Superintendent of Schools Paul Vallas isn’t the bashful type when it comes to expressing his opinions or making decisions, be it Philadelphia, Chicago or New Orleans, where he worked before his recruitment to Bridgeport. He has stated running a system of schools is a tall challenge under any circumstances let alone waiting for the Connecticut Supreme Court to issue a decision about the legality of state control of schools. But he isn’t waiting. How many times have we heard, real or imagined, school administrators are handsomely paid and exceedingly comfy. Well Vallas has told many of them they must reapply to keep their jobs.
Vallas has created quite a buzz among school bureaucrats earning six figures a year. Has the state takeover allowed Vallas the freedom to implement administrative reforms? Or could he get to the same place with an elected board? It looks like city voters will decide on an elected versus appointed school board in a charter revision question in November.
The city’s nine-member elected school board has been replaced by a seven-member body appointed by the state. The Supreme Court appears to be on the verge of issuing a decision. Government operatives for Governor Dannel Malloy are scrambling to create a cure in anticipation the Supremes hinge their decision on state language that required school board members to receive training before requesting the state’s takeover assistance. A technical decision by the Supremes, say legal observers, can be trumped by legislative change. Eliminate the training requirement language legislatively and you’ve created the cure.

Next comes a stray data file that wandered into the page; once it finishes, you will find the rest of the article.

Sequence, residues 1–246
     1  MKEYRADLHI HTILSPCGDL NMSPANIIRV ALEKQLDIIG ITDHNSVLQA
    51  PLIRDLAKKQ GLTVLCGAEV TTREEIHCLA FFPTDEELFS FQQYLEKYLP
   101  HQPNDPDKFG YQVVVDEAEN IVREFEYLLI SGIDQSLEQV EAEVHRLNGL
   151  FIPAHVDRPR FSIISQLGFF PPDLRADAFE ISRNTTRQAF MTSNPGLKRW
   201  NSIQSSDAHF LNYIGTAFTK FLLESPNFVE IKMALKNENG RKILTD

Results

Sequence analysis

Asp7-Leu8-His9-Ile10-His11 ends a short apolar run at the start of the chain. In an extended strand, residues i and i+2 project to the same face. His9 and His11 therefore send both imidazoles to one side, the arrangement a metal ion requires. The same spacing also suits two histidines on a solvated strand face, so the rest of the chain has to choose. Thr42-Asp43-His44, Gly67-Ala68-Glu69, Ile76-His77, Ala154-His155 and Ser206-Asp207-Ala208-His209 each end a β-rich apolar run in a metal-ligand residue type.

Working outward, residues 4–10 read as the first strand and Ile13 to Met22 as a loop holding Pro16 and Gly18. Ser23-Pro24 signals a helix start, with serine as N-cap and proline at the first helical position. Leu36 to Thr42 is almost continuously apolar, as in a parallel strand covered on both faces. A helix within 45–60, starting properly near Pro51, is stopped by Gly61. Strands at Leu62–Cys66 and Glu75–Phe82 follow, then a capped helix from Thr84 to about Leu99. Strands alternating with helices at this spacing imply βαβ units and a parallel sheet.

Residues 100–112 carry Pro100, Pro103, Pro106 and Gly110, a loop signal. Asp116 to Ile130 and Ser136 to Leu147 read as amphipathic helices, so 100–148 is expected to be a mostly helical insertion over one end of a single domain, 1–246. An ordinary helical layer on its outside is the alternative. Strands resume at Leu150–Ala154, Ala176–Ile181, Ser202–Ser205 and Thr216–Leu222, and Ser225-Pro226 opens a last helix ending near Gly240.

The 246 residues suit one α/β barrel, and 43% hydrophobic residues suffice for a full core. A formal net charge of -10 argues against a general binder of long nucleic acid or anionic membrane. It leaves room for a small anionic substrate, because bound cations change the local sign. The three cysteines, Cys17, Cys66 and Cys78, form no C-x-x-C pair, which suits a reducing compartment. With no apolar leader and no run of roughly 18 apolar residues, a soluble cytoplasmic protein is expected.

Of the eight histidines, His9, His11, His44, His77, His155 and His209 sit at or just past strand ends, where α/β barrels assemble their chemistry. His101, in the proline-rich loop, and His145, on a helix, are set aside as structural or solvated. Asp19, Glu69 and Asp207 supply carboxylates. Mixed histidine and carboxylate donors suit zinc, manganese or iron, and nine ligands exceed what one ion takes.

Legal observers say if the Supremes’ decision is based on constitutional grounds, the legislature is stuck.
In his public comments last week Malloy’s chief legal counsel Andrew McDonald seemed to be speaking indirectly to the Supremes that completely reversing the state takeover decision on a technicality would create educational chaos in the city. If your ruling is based on a technicality here’s the cure.
Would the Supremes include some language in the decision for a legislative fix? Or perhaps grant a stay of proceedings for a specific period to allow for a cure to the training provision in question?
Or will they rule screw that and order a special election for school board members? What a riot that would be.
Meanwhile, Vallas is providing a flavor for what’s to come. Whatever the Supremes decide, sounds like he’s going to be around for a couple of years.